Today is the birthday of Fay Tincher (1884-1983). One of the many high points of Steve Massa’s recent book Lame Brains and Lunatics is an entire chapter on this star, and she really was a star — one of the biggest to have been so entirely forgotten. She is just the sort we love to champion. It’s not like she was always obscure.
From an affluent Topeka family, Tincher attended Ziegfeld Musical College in Chicago and went into vaudeville and musical comedy, usually in chorus parts. In the early 20th century (1905-1912), she emerges in Broadway shows by Weber and Fields and others. In 1913 she broke into films at a small company called Eclair, but within months was at the much more high profile Reliance/ Majestic working with the likes of D.W. Griffith, Edward Dillon, Tod Browning, and others. It was said she bore a certain resemblance to Mabel Normand; comedy became her bailiwick.
One of her first notable roles was as the vampish Cleo in Griffith’s The Battle of the Sexes with Donald Crisp, Lillian Gish and Owen Moore. She first achieved sustained popularity in the “Bill the Office Boy” series (1914-1915) in which she played Ethel the Stenographer, a gum-chewing gold-digger who wore spit curls, crazy hats and eye-popping contrast-heavy outfits, with stark visual patterns (often stripes, per above). When this series ended, she was DeWolf Hopper’s leading lady at Triangle for a handful of pictures, playing among other things Dulcinea to his Don Quixote in 1916. When Triangle folded in 1917, she briefly had her own production company, releasing films through the World Film Company. In 1919, she signed with Al Christie, making western comedies, including what is today her best known film Rowdy Ann (1919). After a respite from pictures, she came back strong again in 1923 as Min in the Andy Gump series, based on the popular comic strip, with Joe Murphy as her co-star. This series lasted until 1928, essentially the end of the silent era.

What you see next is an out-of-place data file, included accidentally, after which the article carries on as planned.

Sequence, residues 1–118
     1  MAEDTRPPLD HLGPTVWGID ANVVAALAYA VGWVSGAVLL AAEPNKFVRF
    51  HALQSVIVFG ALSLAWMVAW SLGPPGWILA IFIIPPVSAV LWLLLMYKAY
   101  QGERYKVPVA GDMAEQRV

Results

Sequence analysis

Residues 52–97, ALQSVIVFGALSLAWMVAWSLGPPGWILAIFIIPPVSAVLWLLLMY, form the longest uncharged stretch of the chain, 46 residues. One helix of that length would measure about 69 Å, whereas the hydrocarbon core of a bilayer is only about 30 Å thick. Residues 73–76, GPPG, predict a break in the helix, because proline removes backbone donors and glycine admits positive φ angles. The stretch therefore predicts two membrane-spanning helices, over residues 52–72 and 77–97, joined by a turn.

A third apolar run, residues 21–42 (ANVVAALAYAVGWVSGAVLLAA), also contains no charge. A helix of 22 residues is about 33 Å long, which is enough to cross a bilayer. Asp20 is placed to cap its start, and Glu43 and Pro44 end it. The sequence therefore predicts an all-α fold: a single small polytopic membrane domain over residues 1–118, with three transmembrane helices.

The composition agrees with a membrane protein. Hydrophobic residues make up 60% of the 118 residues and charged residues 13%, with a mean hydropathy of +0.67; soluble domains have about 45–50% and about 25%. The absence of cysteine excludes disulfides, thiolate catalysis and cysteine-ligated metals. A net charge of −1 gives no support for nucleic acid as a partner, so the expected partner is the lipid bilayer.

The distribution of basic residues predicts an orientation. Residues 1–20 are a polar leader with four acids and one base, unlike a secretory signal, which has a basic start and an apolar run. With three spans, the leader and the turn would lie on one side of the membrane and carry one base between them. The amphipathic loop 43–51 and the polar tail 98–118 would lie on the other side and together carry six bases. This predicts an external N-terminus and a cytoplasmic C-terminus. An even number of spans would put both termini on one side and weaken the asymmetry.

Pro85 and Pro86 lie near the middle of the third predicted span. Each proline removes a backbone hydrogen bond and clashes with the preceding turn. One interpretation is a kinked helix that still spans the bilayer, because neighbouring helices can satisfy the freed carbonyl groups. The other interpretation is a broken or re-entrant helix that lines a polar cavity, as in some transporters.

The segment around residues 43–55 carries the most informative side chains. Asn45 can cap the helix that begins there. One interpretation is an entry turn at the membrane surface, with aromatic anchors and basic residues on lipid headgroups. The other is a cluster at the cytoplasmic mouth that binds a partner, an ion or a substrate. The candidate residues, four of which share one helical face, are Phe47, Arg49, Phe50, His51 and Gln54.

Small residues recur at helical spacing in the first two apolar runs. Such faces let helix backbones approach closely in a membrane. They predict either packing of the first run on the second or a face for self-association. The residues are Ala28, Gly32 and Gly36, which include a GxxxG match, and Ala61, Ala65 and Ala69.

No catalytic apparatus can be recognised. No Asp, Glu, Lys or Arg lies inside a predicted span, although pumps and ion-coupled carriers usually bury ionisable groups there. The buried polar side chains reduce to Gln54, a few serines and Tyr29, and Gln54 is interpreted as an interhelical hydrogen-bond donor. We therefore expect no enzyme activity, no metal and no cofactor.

Tincher retired from films and little is known about her subsequent life, aside from the fact that she inherited a decent sum of money in 1930, and she was 99 years old when she died in Brooklyn over a half century later. Anita Loos and others have stated that she may have been a lesbian, a possible explanation for why she may have withdrawn from films in a time of increasing conservatism and control in Hollywood.
But we live in an exciting time, and thanks to the work of Massa and others, Tincher is finally being rediscovered. Here she is in Rowdy Ann:
For more on silent and slapstick comedy please check out my new book: Chain of Fools: Silent Comedy and Its Legacies from Nickelodeons to Youtube, just released by Bear Manor Media, also available from amazon.com etc etc etc
To find out about the history of vaudeville, consult No Applause, Just Throw Money: The Book That Made Vaudeville Famous, available at Amazon, Barnes and Noble, and wherever nutty books are sold.